Now, this is not the plot for the latest transformer’s movie although “autobots” is the overall theme. However, robots developed for test automation are to begin with not quite as autonomous and has been designed to actually make the lives of the average tester that much easier. Something that has become increasingly important as test automation is an area that most operators realize has the potential to both increase quality and reduce cost. The goal is to make the STB, Software or TV platform completely foolproof before exposing it to the end user, but also to make it strong and durable enough to deal with everyday wear and tear, and the inevitable updates that the pace of technological development will require.
Already most modern development is done with some degree of test automation. But the important thing to understand is that there are different ways of testing and different levels to perform them at, so the purpose of these automations steps must be clear from the start. A common mistake is to take too much of an engineering approach and only look at how to perform the test, rather than focusing on what you really want to test and how to get the most accurate result within those parameters. How you test is just a means to an end and never a purpose in itself.
One size won’t fit all
Once you have decided what to test and determined what you want derive from doing so, we at Labatus try to use the ISTQB standard when we test or certify new boxes or software, this means that we classify all every steps the test as belonging to one of five categories: module, integration, system, acceptance or user test.
When an approach and a plan of action has been decided upon it is then a matter of choosing the right tools for the job, and which ones that should apply to each level of testing. The starting point and the early phases of test automation should focus on smaller functions, as well as APIs.
These kinds of tests should be done by, or in close relationship with, the development team. It is something that is quite time consuming and resources intensive, but if it is done right it verifies the quality of the core code, shortens time to market and thereby more than makes up for the cost of performing these test.
At Labatus we instead work mainly with test automation for products testing, and specialize on grey and black box testing. We develop our services with a clear focus on the need of the operators and the requirements of the end users. This approach has lead us to divide our test automation into two separate categories, classic STBs and the TV Everywhere.
The Set Up
We currently use automated testing for qualification within two areas, operator specific STBs and CA security. Labatus has chosen to work with Witbe as the equipment provider for automated tests. Witbe was chosen based on the fact that it makes us both more effective and that it allows us to add test cases to get a more complete coverage.
In addition to this we have also designed and built equipment in house, in those cases where we haven’t been able to find a suitable or satisfactory existing solution. Examples of these that we are currently using as the smart card arm, a software for stream players and a smartcard simulator that allow us to perform even more rigorous testing and to certify a standard of quality that we are happy with.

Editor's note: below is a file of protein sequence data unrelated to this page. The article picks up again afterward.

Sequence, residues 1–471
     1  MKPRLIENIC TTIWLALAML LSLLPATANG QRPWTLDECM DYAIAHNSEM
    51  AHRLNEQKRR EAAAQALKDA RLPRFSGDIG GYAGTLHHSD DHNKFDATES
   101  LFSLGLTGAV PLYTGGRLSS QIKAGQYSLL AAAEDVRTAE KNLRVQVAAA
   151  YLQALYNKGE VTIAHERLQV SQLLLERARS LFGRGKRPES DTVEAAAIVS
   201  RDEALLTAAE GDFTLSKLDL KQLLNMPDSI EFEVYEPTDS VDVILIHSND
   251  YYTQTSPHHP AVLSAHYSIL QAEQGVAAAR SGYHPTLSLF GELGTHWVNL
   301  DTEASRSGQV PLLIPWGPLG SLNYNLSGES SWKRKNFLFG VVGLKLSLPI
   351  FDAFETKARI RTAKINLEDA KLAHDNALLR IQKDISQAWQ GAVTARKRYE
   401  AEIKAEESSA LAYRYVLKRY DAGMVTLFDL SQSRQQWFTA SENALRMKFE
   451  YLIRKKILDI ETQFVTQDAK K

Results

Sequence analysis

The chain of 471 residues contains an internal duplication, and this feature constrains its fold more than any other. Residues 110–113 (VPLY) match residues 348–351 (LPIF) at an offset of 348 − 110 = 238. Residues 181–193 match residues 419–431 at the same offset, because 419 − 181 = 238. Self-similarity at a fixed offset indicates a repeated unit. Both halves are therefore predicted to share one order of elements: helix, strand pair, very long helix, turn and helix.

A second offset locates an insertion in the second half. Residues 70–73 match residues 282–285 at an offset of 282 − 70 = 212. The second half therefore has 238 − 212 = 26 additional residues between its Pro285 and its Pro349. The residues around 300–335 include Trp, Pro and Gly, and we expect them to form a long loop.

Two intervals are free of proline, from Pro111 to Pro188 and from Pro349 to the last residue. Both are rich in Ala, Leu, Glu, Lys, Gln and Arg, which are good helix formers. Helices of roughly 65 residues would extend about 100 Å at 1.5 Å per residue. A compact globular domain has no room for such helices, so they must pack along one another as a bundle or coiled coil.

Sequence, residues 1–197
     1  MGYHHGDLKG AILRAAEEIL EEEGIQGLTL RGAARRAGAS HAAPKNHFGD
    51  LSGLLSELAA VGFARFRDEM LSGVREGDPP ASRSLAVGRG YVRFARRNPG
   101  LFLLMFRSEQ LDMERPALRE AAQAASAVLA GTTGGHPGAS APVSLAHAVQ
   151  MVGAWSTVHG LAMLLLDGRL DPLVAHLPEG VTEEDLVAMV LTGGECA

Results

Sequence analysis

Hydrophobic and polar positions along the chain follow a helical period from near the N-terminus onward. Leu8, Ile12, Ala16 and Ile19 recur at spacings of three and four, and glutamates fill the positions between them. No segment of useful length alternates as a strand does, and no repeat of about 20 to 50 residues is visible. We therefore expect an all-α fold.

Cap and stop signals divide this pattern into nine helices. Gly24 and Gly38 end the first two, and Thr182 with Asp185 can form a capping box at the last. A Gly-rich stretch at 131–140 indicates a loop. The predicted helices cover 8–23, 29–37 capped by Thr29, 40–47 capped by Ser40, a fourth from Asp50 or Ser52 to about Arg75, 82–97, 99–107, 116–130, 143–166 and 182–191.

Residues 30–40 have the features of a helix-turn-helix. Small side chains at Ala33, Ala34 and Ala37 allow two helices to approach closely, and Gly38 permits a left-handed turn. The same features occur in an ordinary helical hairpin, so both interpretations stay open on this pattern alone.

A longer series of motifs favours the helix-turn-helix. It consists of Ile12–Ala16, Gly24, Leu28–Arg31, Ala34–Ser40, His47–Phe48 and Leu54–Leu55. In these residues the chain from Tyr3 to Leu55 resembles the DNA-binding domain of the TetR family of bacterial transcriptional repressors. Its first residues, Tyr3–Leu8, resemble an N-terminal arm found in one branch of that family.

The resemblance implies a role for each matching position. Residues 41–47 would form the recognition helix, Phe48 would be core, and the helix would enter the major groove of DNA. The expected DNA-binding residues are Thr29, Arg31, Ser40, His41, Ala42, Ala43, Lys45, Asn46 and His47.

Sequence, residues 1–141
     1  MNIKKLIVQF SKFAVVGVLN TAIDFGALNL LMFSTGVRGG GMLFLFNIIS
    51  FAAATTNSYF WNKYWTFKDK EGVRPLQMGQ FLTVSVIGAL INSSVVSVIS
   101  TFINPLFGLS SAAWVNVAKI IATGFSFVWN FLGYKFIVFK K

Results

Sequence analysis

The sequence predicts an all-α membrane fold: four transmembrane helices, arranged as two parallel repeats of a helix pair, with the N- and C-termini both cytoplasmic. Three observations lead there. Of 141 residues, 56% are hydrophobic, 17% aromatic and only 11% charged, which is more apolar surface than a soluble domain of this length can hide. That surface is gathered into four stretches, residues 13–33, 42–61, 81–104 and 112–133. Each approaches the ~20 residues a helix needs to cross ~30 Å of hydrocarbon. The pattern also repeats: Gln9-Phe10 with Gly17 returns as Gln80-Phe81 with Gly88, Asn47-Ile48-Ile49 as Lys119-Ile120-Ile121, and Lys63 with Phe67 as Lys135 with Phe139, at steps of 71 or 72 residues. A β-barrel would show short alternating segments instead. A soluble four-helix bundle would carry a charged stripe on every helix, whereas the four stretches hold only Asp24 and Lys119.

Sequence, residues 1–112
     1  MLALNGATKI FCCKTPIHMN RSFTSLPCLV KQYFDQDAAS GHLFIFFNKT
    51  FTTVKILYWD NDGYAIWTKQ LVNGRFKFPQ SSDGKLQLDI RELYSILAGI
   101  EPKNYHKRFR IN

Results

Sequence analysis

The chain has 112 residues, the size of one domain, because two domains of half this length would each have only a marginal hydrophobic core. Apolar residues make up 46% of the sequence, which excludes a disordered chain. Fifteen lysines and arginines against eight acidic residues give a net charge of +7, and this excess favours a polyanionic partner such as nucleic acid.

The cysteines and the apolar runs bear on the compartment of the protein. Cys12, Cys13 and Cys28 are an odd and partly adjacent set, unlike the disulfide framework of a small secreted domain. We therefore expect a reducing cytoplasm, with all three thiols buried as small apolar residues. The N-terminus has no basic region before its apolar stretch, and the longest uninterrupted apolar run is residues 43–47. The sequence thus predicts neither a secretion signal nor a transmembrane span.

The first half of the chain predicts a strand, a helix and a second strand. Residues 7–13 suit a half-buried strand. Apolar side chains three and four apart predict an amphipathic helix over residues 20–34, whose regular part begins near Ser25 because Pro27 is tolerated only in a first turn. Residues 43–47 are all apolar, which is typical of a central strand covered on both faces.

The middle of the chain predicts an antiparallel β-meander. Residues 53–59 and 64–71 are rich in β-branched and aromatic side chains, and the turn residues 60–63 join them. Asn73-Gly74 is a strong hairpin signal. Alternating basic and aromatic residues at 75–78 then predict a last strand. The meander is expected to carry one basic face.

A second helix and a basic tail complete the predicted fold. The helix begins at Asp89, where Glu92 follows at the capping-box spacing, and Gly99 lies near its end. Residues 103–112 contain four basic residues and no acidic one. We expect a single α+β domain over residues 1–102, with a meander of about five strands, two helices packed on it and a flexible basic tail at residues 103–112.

Using the equipment from Witbe together with our own customized solutions means that we can now use a black box approach and test any STBs for both security and function. Currently we are focusing on automating testing for three key areas; endurance, robustness and performance.
One example is where test automation already in place is our work with a Scandinavian operator where Labatus develops and executes test of VOD services and where we can re use tests that will enable us to monitor the VOD services whenever changes occurs in the overall eco system.
The Android, Web and IOS devices are all a little different. We can always monitor the output but the inputs are harder to simulate with today’s black box equipment. In order to get around that we are now taking more of a grey box approach, where we use third part libraries to emulate the input and where we can analyze output and the difference in output.
Where automation still isn’t possible
We are currently of the opinion that there still isn’t any good enough overall solution to do grey or black box testing for TV sets. We have seen trials where cameras that monitor the output have been be used, but since we certify a large number of TV Sets with different sizes and different UIs, we found it very difficult to do this in a way that will scale to a point where all testing is automated.
Today we have more connected device and viewable screens than ever before and both development and consumer behavior is changing at an unprecedented rate. Naturally this means that what we do in testing and development must also reflect this in order to meet the challenges that this poses. We believe that balancing the benefits of intelligent manual testing and automation is the best way to do this, and that test design will become increasingly important.
As CPU power and automated approaches is getting better, automation will cover more and more of the test being done. But with new formats such as 4K coming, the amount of data is increasing, so this then becomes a race where automation will get close but never be able to cover the full user experience.
Peter Paunonen, COO at Labatus